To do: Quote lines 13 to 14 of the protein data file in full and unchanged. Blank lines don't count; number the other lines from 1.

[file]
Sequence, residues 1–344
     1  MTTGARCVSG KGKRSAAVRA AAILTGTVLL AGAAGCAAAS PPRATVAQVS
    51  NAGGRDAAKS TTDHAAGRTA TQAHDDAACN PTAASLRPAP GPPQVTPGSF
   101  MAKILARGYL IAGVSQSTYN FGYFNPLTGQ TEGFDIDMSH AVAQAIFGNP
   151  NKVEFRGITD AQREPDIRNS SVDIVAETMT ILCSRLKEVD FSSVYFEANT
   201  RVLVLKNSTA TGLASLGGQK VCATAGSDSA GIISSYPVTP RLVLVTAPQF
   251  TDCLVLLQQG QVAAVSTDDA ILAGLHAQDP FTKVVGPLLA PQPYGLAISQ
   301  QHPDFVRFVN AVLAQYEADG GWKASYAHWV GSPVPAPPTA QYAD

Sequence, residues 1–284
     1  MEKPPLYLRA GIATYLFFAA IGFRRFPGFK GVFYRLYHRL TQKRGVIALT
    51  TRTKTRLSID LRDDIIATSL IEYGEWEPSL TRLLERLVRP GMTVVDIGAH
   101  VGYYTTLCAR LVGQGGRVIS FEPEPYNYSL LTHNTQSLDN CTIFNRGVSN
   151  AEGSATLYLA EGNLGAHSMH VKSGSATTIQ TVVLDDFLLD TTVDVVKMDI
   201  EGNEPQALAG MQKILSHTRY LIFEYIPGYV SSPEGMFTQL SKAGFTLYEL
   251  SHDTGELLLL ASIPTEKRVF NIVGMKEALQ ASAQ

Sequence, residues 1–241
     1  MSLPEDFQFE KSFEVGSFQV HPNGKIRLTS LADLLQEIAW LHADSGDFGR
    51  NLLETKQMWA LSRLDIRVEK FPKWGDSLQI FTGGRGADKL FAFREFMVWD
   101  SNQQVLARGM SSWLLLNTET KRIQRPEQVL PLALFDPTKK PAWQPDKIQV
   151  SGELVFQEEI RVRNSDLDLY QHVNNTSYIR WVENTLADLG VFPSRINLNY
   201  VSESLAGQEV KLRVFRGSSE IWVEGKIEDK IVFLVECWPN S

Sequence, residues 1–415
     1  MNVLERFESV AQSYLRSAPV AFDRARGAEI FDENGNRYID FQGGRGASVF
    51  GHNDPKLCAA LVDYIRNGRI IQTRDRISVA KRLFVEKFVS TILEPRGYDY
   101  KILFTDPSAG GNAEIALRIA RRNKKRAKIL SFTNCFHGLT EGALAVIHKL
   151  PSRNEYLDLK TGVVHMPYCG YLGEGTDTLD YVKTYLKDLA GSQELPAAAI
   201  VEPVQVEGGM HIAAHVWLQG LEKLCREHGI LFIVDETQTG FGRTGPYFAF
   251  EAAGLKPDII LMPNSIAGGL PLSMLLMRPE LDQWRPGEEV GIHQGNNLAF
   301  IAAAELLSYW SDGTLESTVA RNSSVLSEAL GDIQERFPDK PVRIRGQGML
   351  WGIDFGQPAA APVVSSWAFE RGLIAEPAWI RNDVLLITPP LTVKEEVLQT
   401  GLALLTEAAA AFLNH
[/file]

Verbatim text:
   151  AEGSATLYLA EGNLGAHSMH VKSGSATTIQ TVVLDDFLLD TTVDVVKMDI
   201  EGNEPQALAG MQKILSHTRY LIFEYIPGYV SSPEGMFTQL SKAGFTLYEL